I sprinted through the finish, clenching my fists, and mimicking the image of victory in my very grasp. I YELLED "PR BABY!" as I crossed the finish line. An amazing moment that I will NEVER forget. This was my fourth half marathon. My fastest time to date before this race was 2:24:22. On this day, I PR'd and ran this race in 2:17:00 exactly.

Who would've thought? Almost three months ago, I cried in my doctor's office, thinking I would NEVER run anything faster than a 2:30:00 half marathon ever again because I was "broken". There's something to be said about positive thinking, listening to your body, and training hard but more importantly TRAINING SMART to get what you want.

It was a gift to myself...something I so desperately needed.

I am an Iron Girl. 

Saturday, April 28, 2012

Intermediate? We'll see about that

Today was my first day in the Teen/Adult II (intermediate) swim class at the YMCA. I wasn't sure if I was ready for it, so got into the water and chatted with my Teen/Adult I swim class instructor first...I felt so comfortable chatting with him that I almost missed out on finding out who my NEW instructor was. When I separated from my comfort zone and went over to the far end of the pool with my new instructor, I felt a little apprehension but still relaxed.

She is amazing!!! There is only one other person in my class which is always a good thing. It just means that the instructor can give us more feedback because there are less people to watch. I honestly think a lot of people sign up for the Teen/Adult II class with a fear that they will be in the class with a bunch of kids. But when they see that the classes are FULL of adults, they lose the pride and stay with the beginner class. There were a dozen people in my old instructor's class and my instructor looked confused because there were only two of us. Oh well...

It was awesome. I still have a lot to learn but I'm definitely no longer a beginner. My instructor mentioned that she trains triathletes as well *LOVE*!

Now I need to relax my body and get ready for tomorrow's half marathon! I'm running in the Iron Girl Half Marathon. See?!

Yes... they are making us wear this wrist band. I think everyone in the packet pick up line had the same reaction as the volunteer grabbed your wrist and began explaining that you had to wear this wrist band until Sunday. The reaction went like this " Wait... 0_0... huh? But... So....I have to wear this until SUNDAY!? But... *insert nervous laugh*... okay."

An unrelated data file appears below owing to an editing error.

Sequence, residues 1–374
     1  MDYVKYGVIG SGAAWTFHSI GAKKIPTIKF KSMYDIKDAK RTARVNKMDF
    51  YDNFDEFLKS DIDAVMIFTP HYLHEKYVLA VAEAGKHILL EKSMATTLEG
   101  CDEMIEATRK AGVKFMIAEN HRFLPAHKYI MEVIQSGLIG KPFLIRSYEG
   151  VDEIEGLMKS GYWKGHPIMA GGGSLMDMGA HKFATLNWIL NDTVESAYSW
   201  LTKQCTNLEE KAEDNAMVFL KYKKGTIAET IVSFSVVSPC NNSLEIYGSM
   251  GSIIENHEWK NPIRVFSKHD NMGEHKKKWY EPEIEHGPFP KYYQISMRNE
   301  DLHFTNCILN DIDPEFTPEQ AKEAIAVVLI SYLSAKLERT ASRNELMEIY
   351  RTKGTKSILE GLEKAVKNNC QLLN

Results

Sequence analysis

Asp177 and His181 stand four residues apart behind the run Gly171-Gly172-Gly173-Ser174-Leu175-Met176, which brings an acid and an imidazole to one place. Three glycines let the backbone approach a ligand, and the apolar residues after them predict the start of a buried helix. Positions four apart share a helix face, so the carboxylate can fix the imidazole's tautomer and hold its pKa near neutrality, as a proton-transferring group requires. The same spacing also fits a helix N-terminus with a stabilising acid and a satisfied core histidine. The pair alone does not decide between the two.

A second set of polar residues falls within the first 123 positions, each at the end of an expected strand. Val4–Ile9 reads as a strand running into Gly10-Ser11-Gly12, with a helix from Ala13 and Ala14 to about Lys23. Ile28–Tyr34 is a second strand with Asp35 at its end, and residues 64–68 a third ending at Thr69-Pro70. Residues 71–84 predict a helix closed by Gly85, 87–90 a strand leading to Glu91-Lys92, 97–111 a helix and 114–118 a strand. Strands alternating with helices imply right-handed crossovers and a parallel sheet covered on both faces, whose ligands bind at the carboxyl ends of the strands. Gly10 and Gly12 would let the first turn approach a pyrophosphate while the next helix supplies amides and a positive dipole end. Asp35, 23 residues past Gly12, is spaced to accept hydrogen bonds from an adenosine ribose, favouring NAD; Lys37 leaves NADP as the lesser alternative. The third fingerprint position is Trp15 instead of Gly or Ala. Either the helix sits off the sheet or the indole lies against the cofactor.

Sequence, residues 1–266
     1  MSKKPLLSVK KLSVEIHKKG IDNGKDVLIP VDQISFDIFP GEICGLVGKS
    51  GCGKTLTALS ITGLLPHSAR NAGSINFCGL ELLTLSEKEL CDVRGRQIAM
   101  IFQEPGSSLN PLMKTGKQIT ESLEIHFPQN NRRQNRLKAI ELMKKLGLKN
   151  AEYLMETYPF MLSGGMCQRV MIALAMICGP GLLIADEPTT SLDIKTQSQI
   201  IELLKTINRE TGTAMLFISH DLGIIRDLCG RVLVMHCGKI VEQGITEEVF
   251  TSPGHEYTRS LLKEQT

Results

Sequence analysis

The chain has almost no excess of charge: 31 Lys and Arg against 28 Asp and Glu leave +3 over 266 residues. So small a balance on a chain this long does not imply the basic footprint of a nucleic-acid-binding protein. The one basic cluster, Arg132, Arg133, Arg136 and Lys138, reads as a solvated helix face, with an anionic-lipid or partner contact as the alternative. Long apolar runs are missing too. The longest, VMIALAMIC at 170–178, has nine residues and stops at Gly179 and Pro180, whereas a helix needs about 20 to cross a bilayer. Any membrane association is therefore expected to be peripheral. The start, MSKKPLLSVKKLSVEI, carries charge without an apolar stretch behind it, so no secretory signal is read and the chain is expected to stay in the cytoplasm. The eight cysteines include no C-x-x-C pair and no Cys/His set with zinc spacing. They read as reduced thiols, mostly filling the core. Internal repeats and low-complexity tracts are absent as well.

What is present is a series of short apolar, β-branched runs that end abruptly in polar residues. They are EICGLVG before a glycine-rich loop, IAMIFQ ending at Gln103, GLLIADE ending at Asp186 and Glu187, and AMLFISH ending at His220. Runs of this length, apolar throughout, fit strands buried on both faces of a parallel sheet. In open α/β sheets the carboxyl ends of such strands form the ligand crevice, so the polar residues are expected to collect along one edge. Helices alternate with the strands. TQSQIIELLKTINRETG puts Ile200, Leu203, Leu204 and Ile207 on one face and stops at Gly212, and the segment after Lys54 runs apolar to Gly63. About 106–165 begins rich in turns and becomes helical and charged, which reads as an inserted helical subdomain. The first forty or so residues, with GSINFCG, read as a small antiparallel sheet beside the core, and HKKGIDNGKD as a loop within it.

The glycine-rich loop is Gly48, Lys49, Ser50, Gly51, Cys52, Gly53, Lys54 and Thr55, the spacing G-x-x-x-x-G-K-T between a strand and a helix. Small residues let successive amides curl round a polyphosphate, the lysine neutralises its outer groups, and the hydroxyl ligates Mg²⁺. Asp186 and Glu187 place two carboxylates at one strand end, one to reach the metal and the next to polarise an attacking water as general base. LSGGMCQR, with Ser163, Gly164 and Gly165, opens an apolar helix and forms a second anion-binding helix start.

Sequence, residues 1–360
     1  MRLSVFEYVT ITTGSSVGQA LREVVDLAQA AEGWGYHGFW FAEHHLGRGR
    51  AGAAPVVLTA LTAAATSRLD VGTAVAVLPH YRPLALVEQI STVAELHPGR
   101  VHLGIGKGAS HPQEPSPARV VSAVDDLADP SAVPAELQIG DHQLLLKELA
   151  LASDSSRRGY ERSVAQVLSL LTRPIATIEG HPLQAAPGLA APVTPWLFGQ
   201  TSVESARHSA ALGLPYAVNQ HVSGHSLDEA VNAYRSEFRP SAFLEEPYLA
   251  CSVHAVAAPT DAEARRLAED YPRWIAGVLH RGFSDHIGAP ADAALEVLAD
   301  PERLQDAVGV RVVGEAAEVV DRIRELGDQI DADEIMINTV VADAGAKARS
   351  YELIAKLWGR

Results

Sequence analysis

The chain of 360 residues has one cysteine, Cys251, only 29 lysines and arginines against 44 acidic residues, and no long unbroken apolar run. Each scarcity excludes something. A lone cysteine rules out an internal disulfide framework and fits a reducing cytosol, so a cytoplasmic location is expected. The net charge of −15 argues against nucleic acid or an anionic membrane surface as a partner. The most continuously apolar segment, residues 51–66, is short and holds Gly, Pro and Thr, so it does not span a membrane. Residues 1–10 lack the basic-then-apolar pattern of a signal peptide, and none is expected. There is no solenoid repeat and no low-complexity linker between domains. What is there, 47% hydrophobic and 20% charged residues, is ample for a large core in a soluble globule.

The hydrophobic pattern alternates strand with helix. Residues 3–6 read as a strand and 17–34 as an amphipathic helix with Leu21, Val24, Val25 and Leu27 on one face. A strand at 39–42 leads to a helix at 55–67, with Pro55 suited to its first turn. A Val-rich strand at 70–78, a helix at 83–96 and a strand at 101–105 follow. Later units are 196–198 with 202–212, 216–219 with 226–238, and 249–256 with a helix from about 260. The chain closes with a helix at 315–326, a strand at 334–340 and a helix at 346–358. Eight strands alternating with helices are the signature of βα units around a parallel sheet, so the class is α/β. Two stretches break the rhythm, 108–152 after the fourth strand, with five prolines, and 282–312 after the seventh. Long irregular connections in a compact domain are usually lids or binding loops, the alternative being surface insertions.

I have to attend a birthday party thing tonight. Good thing my friend's party calls for girls to wear "bright and beautiful" colors. I guess I will fit right in - very half marathon chic if you ask me. 

No NYC for Me

I didn't get into the NYC Marathon but that's okay.

Aside from the huge price tag for the registration fees and the travel arrangements, (my hotel reservation would cost me an estimated $1,850. YIKES!) I started to feel very overwhelmed with all that I have on my race plate already. I have so many other things going on that I didn't want to figure out how I was going to travel to NYC to complete this marathon and raise money just in case I didn't get in. Now I can sit back and relax...well not really... I can happily train for all of the races on my calendar.

There was also some concern that my best friend, who I encouraged to run this marathon again, would look to me to really go through the training and race with her...even though it was my idea in the first place (messed up, right? I know.). But I'm happy that I just waited to see what would happen over time...and eventually everything fell into place.

I decided that if she still wanted to do the marathon (because of course she wouldn't get in - what are the chances?) then I would train with her, traveling to New York for some long runs and whatnot and give her a huge donation towards her fundraising goal. So I spoke with her yesterday after reading this message...

Crazy, right?! YES LADIES AND GENTLEMEN - MY BEST FRIEND WAS SELECTED IN THE LOTTERY! You would've thought she won the actual mega millions lottery. She is so excited! And out of the goodness of her heart, she will STILL raise money to BEAT CANCER and I will be doing the same. While she's training for the NYC Marathon, I will be training for the Marine Corps Marathon and I will be raising money to donate to the American Cancer Society to BEAT CANCER!!!!

Honestly, I would much rather go to New York to do my duty as an awesome spectator. There is NOTHING like spectating at the NYC Marathon. I will proudly cheer on my best friend as she battles through 26.2 miles through her city's streets and make sure that she trains smart before getting to the start line. So that's the story folks.

Time to get to work! WOOHOO!!!!

Tuesday, April 24, 2012

I can swim & I'm no longer bike-ignorant!